2016 Resolution: Eat Your Peas and Greens
Dec28

2016 Resolution: Eat Your Peas and Greens

The traditional New Year’s Day soul food meal is loaded with nutritional benefits. So go ahead and indulge, but make sure you don’t kill the goodness with unnecessary fat, salt and calories. Throughout the South and in many black neighborhoods, families will sit down for a home-cooked meal of black-eyed peas, greens and pork. The humble peas are said to be a sign of humility but this simple bean is loaded with vitamins and...

Read More
Prep for Doctor’s Appointment With These Tips
Dec28

Prep for Doctor’s Appointment With These Tips

Make a resolution to get your elderly loved one to the doctor early this year, but don’t go unprepared. The Mayo Clinic has great suggestions for how you can make the most of those appointments such as information you should provide to the doctor as well as questions you should take with you. Make sure you schedule appointments when your elder is generally at her or his best. Remember, many elders have a more difficult time as...

Read More
Giving Thanks
Nov25

Giving Thanks

Thanksgiving — and other major holidays when you are surrounded by extended family– is a great time to take an assessment of the elders in your life, ¬†After you’ve gotten in your hugs and settled in for the weekend, take a look around. Is the house in good order? Is there anything off about the food. Sure, grandma’s famous cornpones may not be as light as they once were, but are they really off the mark from...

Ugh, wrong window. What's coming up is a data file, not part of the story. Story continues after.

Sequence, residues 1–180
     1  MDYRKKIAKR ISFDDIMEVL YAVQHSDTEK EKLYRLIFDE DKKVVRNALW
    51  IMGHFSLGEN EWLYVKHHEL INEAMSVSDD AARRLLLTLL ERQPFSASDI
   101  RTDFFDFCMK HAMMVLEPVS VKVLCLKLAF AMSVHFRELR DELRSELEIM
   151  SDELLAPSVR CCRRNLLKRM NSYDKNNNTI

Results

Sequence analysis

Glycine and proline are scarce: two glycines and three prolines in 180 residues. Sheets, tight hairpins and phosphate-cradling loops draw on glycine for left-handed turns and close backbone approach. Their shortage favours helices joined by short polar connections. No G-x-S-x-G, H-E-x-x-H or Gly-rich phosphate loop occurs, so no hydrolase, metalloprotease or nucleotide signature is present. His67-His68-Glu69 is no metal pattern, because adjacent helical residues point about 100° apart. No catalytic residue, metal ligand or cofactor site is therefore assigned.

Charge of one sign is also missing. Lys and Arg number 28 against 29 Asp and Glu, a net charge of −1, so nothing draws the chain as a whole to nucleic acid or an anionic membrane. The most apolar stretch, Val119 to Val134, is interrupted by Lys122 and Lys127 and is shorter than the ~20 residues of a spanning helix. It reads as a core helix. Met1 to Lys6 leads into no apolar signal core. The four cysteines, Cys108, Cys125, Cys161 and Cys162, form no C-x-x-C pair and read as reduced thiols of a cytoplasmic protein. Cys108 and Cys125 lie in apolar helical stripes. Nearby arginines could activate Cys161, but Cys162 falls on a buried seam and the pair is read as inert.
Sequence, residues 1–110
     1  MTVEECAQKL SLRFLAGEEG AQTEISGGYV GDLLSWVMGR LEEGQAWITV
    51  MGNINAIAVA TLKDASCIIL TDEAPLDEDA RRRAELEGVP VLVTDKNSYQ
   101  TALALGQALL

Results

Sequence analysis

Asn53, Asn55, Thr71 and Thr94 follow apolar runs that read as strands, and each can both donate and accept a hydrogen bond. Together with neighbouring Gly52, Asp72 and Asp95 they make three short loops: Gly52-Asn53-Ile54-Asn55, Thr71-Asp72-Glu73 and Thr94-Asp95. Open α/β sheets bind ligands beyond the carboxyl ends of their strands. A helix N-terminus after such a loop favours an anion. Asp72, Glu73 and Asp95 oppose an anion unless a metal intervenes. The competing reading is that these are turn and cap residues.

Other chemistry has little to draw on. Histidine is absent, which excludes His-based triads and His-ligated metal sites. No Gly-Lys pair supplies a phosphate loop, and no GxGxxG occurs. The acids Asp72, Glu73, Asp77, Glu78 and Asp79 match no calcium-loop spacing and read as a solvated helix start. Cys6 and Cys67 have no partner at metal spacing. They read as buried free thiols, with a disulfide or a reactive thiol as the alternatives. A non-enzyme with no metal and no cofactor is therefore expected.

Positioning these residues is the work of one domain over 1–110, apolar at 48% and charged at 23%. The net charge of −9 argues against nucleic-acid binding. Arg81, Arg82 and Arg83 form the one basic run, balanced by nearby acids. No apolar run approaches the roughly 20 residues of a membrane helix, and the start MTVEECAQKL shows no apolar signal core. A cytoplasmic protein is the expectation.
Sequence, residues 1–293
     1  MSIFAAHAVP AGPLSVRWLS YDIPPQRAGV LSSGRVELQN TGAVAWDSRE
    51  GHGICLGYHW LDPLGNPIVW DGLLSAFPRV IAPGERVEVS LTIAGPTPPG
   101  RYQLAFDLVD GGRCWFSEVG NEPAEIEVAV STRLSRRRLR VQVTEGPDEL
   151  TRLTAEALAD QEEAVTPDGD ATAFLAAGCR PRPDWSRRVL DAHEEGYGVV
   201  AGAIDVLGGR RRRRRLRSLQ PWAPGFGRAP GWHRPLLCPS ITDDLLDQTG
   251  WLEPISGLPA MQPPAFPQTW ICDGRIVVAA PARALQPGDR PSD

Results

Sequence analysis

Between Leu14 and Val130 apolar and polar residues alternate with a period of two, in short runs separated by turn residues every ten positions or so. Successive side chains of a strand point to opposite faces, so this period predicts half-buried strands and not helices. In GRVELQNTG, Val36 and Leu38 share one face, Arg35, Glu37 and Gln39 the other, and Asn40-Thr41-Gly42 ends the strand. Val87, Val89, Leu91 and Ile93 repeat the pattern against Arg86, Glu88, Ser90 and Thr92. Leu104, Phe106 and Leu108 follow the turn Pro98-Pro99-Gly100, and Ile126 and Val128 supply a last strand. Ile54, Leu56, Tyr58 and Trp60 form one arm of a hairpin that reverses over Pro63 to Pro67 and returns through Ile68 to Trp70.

Read More
Culture is Key in Dementia Care
Nov01

Culture is Key in Dementia Care

Culture is important when it comes to dementia care. Elderly people seem to do better when familiar songs or rituals from their past are incorporated into memory care and wellness. This report from the BBC shows how care-givers there are helping Britons of Caribbean descent with music and dance from their youth.

Read More
Why Does Alzheimer’s Disease Impact Women Harder?
Jul03

Why Does Alzheimer’s Disease Impact Women Harder?

The conventional thinking for many years has been that women are harder hit by Alzheimer’s and other forms of dementia because they live longer and your risk for the disease increases dramatically after the 85th year. However, now we know that if you live to 65, one in six women will get¬†Alzheimer’s sometime in their life as compared to one in 11 men. Why? The answer is complicated. It could be the drop in estrogen after...

Read More